Mayor Vincent C. Gray will name a former D.C. deputy mayor and Maryland social-services secretary to take charge of the District’s troubled but improving child-welfare agency.

Gray (D) will name Brenda Donald director of the Child and Family Services Agency on Thursday, marking her second stint leading the agency, according to two administration officials who spoke on the condition of anonymity to speak freely about the hiring decision.

Donald, 56, led the agency from 2004 to 2005, when she was named deputy mayor for children, youth, family and elders under Mayor Anthony A. Williams (D). If confirmed, she would be the agency’s first permanent director since May, when Roque R. Gerald resigned.

The agency, which has operated under a federal court decree since 1993, continues to deal with the repercussions of the 2008 discovery of the four slain daughters of Banita Jacks, which caused a dramatic spike in the number of abuse reports.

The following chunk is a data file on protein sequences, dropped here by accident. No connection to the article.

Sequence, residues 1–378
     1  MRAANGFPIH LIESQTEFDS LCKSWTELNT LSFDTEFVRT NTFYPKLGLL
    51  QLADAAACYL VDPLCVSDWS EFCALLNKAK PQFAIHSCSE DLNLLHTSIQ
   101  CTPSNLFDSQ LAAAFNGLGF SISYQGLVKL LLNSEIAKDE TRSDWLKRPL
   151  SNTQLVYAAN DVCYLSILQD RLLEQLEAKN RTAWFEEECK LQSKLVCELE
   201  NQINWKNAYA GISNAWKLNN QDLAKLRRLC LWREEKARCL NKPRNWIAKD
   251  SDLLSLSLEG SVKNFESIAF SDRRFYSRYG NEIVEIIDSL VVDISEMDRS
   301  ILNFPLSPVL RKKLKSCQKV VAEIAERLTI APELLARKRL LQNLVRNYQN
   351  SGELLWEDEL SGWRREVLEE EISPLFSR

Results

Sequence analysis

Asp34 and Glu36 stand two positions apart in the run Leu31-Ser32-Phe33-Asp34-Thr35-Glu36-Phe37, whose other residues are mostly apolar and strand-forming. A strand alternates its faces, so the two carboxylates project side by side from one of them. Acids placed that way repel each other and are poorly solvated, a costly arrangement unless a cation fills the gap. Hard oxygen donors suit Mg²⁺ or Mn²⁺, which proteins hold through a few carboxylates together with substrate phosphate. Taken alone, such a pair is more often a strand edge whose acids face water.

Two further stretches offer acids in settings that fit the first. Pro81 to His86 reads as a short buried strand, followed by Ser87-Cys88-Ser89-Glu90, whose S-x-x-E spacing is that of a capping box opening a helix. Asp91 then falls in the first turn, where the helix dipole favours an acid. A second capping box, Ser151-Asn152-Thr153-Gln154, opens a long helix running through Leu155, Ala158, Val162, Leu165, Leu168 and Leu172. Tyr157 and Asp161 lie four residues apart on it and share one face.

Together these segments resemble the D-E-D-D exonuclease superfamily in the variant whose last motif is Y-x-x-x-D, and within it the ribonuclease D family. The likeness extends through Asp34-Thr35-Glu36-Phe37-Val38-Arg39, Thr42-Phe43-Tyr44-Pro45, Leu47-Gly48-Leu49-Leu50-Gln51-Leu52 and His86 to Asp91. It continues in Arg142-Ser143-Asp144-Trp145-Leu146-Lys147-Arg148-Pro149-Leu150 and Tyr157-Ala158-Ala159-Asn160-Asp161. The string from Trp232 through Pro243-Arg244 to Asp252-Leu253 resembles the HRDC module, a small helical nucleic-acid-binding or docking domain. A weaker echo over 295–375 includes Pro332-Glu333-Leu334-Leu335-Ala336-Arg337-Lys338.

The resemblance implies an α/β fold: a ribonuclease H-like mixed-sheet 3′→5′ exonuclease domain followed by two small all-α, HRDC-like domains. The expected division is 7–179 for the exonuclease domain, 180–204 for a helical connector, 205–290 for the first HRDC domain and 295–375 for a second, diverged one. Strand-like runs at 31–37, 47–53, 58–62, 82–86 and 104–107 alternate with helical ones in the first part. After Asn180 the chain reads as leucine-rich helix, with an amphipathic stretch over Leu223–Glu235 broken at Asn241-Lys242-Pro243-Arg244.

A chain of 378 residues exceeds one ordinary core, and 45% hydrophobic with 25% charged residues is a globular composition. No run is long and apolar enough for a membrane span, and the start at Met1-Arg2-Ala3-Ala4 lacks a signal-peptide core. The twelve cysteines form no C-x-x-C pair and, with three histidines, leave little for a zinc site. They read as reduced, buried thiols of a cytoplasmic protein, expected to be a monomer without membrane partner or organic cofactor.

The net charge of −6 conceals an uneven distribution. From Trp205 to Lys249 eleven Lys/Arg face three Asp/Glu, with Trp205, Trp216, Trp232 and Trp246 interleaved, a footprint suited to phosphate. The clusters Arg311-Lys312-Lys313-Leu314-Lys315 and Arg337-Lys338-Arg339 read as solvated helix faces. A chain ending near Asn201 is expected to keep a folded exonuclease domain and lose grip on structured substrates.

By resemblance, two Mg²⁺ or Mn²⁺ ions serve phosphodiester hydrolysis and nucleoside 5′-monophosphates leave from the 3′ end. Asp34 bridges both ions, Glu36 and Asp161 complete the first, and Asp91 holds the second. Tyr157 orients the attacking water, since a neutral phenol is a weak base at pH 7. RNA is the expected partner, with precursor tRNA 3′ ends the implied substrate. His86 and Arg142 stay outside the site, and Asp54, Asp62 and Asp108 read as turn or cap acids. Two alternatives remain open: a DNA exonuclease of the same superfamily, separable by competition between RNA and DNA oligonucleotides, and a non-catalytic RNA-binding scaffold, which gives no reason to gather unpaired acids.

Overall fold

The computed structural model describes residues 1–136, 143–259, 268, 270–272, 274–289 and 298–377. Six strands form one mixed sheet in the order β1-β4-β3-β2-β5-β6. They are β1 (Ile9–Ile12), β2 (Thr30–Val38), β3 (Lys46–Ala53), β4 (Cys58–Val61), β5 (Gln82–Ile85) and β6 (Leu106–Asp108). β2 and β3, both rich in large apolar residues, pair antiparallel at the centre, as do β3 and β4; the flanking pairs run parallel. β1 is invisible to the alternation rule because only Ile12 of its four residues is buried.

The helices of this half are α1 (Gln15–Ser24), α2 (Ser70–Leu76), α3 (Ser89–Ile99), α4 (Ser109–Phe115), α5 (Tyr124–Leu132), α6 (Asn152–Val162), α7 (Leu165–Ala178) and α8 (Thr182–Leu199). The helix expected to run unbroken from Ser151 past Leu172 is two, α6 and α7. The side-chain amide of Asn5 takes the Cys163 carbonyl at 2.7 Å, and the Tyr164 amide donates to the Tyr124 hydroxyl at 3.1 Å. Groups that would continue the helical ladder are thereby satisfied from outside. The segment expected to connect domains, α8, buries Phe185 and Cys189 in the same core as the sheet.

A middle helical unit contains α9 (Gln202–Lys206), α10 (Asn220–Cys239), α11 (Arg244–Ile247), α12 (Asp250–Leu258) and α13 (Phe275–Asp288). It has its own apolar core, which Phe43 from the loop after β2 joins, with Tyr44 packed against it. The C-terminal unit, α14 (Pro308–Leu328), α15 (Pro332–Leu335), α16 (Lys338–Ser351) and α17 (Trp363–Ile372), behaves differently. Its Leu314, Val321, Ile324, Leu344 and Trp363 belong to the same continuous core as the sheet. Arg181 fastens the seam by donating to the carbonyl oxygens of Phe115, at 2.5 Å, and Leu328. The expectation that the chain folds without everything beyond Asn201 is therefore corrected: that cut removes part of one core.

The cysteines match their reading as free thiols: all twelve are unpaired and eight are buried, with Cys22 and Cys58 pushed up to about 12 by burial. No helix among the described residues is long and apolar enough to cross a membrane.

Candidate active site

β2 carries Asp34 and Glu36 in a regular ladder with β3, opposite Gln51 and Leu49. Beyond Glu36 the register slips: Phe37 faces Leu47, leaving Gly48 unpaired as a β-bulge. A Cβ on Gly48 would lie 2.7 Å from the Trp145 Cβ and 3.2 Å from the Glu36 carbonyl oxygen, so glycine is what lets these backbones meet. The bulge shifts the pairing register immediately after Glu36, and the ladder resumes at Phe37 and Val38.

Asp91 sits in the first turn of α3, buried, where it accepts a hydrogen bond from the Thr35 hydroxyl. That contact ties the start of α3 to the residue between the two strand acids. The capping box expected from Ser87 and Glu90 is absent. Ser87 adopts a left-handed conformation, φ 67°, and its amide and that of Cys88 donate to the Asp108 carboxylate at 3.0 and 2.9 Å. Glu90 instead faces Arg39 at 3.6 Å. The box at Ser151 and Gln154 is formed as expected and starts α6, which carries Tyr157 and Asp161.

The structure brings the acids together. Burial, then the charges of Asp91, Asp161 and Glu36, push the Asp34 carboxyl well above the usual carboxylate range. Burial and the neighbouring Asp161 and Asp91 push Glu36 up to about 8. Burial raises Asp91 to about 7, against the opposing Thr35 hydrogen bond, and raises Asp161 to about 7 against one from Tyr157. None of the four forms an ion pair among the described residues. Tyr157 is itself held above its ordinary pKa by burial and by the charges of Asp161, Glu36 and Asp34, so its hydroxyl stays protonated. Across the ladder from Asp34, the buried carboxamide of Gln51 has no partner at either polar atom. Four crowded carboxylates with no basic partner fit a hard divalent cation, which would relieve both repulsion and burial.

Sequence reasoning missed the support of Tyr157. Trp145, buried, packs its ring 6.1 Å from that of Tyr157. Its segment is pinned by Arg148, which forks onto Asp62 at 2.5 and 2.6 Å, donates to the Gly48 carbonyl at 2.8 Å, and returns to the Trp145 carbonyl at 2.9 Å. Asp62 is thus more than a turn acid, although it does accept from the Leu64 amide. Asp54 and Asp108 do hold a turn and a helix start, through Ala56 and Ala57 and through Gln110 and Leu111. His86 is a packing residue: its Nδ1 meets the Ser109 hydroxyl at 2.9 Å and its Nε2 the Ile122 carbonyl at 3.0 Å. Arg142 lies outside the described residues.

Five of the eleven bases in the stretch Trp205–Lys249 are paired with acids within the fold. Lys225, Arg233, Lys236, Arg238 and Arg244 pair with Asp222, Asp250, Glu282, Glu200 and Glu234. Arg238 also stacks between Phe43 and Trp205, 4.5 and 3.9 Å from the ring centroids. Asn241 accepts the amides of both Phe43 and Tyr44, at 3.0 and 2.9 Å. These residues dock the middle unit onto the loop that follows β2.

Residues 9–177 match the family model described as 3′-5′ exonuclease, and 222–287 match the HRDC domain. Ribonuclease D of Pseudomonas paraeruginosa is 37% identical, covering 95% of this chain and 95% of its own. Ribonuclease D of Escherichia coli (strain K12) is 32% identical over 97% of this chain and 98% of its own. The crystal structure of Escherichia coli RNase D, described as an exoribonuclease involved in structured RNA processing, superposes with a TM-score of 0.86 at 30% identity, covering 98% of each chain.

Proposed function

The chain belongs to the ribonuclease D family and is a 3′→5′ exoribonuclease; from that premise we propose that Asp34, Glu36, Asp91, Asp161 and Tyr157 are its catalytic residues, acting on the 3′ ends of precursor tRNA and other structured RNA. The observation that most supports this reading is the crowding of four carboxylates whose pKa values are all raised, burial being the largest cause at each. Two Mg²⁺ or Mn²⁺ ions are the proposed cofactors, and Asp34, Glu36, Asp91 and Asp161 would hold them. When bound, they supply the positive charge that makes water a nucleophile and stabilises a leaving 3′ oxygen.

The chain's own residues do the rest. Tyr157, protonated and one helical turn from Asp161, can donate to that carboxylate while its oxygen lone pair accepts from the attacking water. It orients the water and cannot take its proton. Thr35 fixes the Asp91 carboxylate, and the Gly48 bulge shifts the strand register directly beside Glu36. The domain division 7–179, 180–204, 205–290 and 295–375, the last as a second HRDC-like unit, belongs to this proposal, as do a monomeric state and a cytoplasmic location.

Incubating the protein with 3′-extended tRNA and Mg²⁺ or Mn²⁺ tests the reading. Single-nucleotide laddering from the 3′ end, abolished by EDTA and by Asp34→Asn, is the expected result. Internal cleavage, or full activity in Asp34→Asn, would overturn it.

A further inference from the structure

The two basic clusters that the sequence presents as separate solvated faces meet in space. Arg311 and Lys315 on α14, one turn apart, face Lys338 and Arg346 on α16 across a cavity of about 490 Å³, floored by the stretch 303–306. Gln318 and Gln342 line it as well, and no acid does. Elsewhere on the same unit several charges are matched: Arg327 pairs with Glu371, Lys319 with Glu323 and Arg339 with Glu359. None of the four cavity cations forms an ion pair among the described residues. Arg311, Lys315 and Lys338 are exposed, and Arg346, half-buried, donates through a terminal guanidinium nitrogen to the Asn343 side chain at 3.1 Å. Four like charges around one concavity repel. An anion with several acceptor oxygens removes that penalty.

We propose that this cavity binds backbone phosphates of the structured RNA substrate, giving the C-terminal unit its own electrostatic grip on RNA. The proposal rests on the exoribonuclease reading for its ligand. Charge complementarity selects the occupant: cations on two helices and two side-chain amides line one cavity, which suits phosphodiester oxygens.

A report issued this week by an independent, court-appointed monitor says that “essential foundational work is underway” at CFSA, but “implementation of key strategies has been challenging and has not yet produced significant results.”

“[O]verall performance is still not achieving the outcomes expected by the Court’s Order, the community or its own standards for practice,” the report says.

The search for a child-welfare director has been particularly nettlesome for the Gray administration, representing its last major unfilled post. Donald could not be reached Wednesday to comment.

In 2007, after leaving the D.C. government, Donald was named Maryland’s secretary of the Department of Human Resources, where she had administrative responsibility over such areas as child welfare, food stamps and homeless programs. Since August 2010, she has been an executive at the Baltimore-based Annie E. Casey Foundation.

Prior to serving as CFSA director, Donald was the agency’s chief of staff from 2001 to 2004. She was previously known professionally as Brenda Donald Walker and is a native of Southeast Washington.

Staff writer Nikita Stewart contributed to this report.